Code configurators/generators do what machines do best, significantly shortening or eliminating the repetitive and error-prone process of scouring datasheets to configure hardware peripherals and build HALs. Users can also learn about specific hardware peripheral capabilities from a single code configurator interface, reducing the need for datasheets altogether. As a result, HALs become a flexible part of an embedded development project that can be regenerated quickly and frequently as engineers optimize application performance.
Among the distinguishing features of code configurator tools are:
· Full integration with popular IDEs, allowing the tool (and user) to remain aware of the project context (model/part numbers involved, middleware libraries in use, etc.)
· Support for unique and complex peripherals, such as the SMT mentioned earlier. For example, the SMT can be visually presented to the user in a single page/dialog box that includes a handful of intuitive scrolling lists and check boxes (Figure 2).
· A templating engine that translates user configurations into a small set of fully customized functions, reducing the number of parameters that must be passed to each function and guaranteeing that most hardware abstraction is performed statically at compile time. The resulting API is minimal with few functions to learn, and leverages consistent and intuitive naming conventions. This increases performance and code density (Code Sample 1).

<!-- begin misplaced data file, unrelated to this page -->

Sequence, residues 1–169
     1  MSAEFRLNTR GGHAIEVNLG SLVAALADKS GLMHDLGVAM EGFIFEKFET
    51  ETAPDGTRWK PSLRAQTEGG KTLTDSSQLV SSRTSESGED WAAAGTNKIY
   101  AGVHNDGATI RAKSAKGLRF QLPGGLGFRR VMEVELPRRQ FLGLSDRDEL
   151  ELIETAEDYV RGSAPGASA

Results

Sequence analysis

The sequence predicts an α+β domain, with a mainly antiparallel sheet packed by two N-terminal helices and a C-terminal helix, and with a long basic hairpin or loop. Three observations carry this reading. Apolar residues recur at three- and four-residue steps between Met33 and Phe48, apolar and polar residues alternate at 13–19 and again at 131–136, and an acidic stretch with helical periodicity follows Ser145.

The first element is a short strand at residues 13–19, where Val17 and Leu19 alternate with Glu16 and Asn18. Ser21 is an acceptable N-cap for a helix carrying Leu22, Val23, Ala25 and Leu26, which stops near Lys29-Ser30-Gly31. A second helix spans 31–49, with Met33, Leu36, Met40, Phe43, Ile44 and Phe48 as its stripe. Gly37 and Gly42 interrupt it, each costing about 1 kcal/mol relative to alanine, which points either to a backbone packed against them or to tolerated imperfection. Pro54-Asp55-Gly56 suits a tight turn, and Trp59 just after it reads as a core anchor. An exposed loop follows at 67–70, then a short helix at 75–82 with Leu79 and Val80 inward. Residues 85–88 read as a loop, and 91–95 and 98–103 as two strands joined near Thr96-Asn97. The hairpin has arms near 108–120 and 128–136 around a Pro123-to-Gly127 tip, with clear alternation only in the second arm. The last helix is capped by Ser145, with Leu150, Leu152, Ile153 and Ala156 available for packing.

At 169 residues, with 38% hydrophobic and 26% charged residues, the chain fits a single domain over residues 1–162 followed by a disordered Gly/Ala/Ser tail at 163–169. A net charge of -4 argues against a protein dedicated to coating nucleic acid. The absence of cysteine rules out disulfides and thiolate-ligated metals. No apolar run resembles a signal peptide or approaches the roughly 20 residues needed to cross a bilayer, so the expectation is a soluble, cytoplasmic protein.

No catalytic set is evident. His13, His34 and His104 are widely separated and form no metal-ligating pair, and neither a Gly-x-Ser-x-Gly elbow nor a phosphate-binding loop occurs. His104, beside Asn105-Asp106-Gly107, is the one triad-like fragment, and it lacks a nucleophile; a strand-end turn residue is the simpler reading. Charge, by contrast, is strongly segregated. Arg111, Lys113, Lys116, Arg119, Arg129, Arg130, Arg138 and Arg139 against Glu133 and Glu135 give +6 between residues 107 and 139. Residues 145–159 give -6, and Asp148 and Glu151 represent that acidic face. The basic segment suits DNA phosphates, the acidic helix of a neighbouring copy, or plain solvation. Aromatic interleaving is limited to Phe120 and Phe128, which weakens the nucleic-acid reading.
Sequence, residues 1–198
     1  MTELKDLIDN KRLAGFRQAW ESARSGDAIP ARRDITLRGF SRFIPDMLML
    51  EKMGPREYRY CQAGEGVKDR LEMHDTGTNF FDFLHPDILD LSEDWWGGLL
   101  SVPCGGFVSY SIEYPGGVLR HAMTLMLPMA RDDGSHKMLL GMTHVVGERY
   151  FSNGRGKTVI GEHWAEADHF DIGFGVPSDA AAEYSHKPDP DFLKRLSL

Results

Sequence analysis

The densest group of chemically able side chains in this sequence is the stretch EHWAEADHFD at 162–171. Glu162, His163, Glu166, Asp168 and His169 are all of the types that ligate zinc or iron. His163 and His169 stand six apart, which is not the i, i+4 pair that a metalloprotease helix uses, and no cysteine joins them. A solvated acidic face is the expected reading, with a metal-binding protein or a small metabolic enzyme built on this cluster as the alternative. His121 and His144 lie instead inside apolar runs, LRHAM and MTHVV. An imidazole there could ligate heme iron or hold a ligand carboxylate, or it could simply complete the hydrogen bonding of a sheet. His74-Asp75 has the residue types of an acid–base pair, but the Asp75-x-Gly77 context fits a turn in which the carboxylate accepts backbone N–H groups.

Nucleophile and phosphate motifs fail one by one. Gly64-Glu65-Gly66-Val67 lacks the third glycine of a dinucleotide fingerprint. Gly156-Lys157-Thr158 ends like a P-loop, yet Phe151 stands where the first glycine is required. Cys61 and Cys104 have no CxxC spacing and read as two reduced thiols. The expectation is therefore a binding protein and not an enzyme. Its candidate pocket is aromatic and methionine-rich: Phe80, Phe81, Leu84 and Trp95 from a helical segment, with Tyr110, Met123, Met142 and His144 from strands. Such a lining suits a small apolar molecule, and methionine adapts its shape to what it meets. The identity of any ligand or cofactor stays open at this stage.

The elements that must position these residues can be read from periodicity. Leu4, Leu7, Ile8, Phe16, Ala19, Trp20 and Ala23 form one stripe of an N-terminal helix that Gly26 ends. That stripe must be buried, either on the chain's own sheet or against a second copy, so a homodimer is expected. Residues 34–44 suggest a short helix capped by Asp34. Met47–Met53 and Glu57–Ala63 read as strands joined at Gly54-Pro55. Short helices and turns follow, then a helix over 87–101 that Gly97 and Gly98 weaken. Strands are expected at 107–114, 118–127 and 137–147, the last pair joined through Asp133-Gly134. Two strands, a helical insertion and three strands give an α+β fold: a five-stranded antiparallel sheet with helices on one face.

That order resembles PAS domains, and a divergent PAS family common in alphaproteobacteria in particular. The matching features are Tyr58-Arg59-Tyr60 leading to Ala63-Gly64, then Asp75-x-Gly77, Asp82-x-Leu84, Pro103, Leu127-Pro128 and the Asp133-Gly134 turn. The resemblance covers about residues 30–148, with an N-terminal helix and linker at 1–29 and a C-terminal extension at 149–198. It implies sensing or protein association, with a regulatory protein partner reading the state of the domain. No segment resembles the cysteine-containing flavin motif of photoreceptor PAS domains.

· An output composed of very short (C language) source files that can be completely inspected by the user, providing the opportunity to learn and manually optimize. Modern code configurators mix generated code with user code in an agile manner that preserves integrity and allows advanced hardware features to be fully exploited.
[Figure 2 | Shown here is a screenshot of options for the Signal Measurement Timer (SMT) within Microchip Technology, Inc.’s MPLAB Code Configurator (MCC).]
[Code Sample 1 | This sample section of the SMT peripheral source file (smt1.c) shows the frugality of code generated by MCC.]
Once peripheral configuration is complete, developers can immediately focus on the application. Using a code generator, the classic embedded “Hello, World!” example (invariably translated into a blinking LED) becomes a two-line-of-code exercise.
[Code Sample 2 | The only two lines of code needed to create a “Hello, World!” application using MCC.]